It actually gives me a thrill to see someone being exposed to the wider knowledge of the Internet, especially, someone as knowledgeable as my Dad who is always keeping up to date with his topics of interest, like world politics and history. I just have to introduce him to wikipedia and find the sites of some of the Russian universities. My mother had not been 'corrupted' as yet, but I believe it is only a matter of time. I suspect she just enjoys having the downstairs TV for herself at the moment.

I also managed to run out of my cap this morning, slowing down the progress for my Mad Men episode, only 60+ MB to go dammit. So after a brief sign up for a couple of more GB and a sign-up for a regular package, I am back to my addiction.

I am currently trying not to speed-read Molière's "Tartuffe". I am amazed at the depth of irony, parody and knowledge of human nature this man displays. If he were alive today he would probably beat Dr Phil in ratings or give Jon Stewart a run for his money.

 In the process of typing this entry the ADSL line went down twice and mysteriously reconnected when I picked up the phone to report a problem to Telkom.

I shall officially be joining in to the Guild Wars craze that is running rampant through the ranks of some of my friends. I only have to drag my lazy behind to the shop to get it and also get a Skype Phone so my folks can start dialing to relatives on other continents. Actually, all our relatives are on other continents, but fortunately they aren't that many of them.

More detailed posts spam on the way, including the details of my encounter with the writer of "Slave species of god".

As a parting shot:  From Mollere's "Le Misanthrope" (1666), Act II, sc. iv

"The more we love our friends, the less we flatter them;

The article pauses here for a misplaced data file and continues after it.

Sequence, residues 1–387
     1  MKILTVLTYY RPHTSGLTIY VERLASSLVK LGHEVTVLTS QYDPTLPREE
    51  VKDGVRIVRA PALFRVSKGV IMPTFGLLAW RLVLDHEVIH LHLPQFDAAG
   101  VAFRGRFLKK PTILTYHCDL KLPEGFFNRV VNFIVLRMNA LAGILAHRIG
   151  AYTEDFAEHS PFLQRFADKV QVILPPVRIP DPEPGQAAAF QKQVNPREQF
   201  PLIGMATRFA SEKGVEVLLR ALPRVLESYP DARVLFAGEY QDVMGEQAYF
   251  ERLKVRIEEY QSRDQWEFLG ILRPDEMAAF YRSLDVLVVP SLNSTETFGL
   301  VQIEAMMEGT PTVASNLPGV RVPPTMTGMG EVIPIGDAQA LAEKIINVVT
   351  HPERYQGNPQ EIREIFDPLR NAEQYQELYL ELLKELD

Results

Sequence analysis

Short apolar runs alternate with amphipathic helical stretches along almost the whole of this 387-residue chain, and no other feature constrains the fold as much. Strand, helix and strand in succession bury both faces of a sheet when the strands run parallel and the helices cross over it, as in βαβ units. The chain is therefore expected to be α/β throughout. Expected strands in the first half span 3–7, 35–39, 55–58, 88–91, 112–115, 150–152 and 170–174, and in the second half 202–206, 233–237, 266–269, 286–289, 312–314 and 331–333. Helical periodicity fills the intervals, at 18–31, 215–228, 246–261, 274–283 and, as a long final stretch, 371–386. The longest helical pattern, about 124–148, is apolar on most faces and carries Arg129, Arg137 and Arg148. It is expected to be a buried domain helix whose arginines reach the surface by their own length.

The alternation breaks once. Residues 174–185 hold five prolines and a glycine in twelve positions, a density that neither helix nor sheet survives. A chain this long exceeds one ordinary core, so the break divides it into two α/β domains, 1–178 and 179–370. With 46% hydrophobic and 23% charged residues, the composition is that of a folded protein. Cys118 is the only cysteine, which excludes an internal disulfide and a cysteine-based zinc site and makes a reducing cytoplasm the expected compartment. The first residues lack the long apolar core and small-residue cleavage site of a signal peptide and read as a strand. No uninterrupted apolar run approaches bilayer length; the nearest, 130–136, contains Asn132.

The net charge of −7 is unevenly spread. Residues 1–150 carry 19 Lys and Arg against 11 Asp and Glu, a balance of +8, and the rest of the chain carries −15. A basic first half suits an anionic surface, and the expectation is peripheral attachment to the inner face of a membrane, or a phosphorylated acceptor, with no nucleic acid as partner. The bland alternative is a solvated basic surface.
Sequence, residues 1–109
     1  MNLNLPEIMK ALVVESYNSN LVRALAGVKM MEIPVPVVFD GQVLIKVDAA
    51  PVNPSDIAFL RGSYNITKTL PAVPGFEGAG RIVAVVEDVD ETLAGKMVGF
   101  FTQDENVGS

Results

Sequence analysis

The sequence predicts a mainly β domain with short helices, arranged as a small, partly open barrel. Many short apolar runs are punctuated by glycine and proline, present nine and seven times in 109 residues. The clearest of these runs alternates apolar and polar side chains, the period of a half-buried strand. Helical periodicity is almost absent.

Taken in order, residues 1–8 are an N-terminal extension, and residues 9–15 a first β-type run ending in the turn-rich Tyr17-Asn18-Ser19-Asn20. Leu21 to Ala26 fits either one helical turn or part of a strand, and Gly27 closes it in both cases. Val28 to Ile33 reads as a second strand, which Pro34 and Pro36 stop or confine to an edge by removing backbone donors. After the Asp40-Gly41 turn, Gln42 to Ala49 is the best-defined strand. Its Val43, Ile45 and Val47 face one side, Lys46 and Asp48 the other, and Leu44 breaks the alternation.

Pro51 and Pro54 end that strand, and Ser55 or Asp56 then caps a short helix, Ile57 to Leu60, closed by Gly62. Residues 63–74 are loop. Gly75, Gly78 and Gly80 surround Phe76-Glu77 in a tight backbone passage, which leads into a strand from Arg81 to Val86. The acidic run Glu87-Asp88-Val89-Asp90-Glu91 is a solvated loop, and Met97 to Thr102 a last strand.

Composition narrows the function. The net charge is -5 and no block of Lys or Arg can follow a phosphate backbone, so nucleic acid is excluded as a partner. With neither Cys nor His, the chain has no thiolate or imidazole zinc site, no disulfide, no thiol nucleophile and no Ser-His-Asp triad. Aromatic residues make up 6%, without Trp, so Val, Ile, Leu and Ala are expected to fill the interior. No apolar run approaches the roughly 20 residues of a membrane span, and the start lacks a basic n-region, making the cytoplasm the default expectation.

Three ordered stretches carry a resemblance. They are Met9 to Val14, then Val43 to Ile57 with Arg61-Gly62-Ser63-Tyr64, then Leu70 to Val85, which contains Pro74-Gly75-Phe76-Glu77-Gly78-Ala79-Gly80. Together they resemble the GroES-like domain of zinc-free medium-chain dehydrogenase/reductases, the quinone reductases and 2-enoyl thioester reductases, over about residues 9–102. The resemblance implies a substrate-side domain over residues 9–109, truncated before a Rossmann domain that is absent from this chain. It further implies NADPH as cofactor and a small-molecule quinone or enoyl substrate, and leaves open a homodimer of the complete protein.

It is by excusing nothing that pure love shows itself."
valkyrieza: (gerard butler sunglasses)

 A while back, I viewed a  semi-humorous, dismissive article on Digg from an online magazine that talked about  useless gadgets. A few of them caught my eye. Instead of hunting for the article itself, I decided to just make my own comments since the article writer was far too dismissive and perhaps too harsh on the gadgets.

Steampunkifying your desktop

 

From the Steampunk Workshop

 How cool is that? This is still a functioning keyboard and monitor. The site features the whole process iof how the effect was achieved, but I really want this monitor. She is all purrty and shiny!

The humping dog

 

Yeah, I think the picture says it all really. Heck, may appeal to some people.

Monitor mirror

 

 Don't get me wrong, I like the whole 'boss alert' idea, but isn't it a bit too obvious?

The USB Doomsday Device

 

A big bulky for my taste and I don't think the internal auditors at my company will appreciate it, but hey, makes a great conversation piece.

Wi-Fi detector shirt

 

 

I am simply not that dedicated to finding Wi-Fi. If my laptop cannot detect it, then well, woe is me.

 

valkyrieza: (Xmen - Jean and Logan)

30 year battery. No more recharging!!!
valkyrieza: (Default)
I have been fascinated with Digg recently, not just with the new stories, but with the comments as well.

Take this story for instance, perhaps for some it is a bit too dry and boring and they may wonder why it made top story. However it is not the story, but the comments for it.  Surprisingly, one learns more about the economic repercussions of the weakening dollar, not to mention some of the funny but, mostly idiotic commentary. Suppose it is nice to know that not only some celebrity gossip can inspire such popularity on the Net.

This story though, just reflects how our perceptions changed over the last 30 odd years since John Lennon's unfortunate comments about Jesus and Beatles. Seriously though, Google searches as a criteria for popularity? In that case the adult industry wins - every year, maybe excepting the time when it was just the researches and programmers who were working on the TCP/IP protocol, and even then, those guys just might have covered their tracks.
valkyrieza: (Firefly - I can hurt you Zoe)
Is this not amazing? The graphics, the music and the story. I am most excited about this.




I especially love the music in this trailer, so dramatic and yet very meaningful.

valkyrieza: (NCIS - Tony McGee)
Note to self, installing emulation software that works on XP will not work on Vista. Result: I crashed Vista Home Premium twice yesterday. Maybe it is just my inner geek speaking, but I do not feel I've warmed to the operating system until I crashed it at least once.

On the minus side, I am still miffed with Microsoft for not including the avi and m4 codecs with their media center. I hate downloading the damn things over and over again.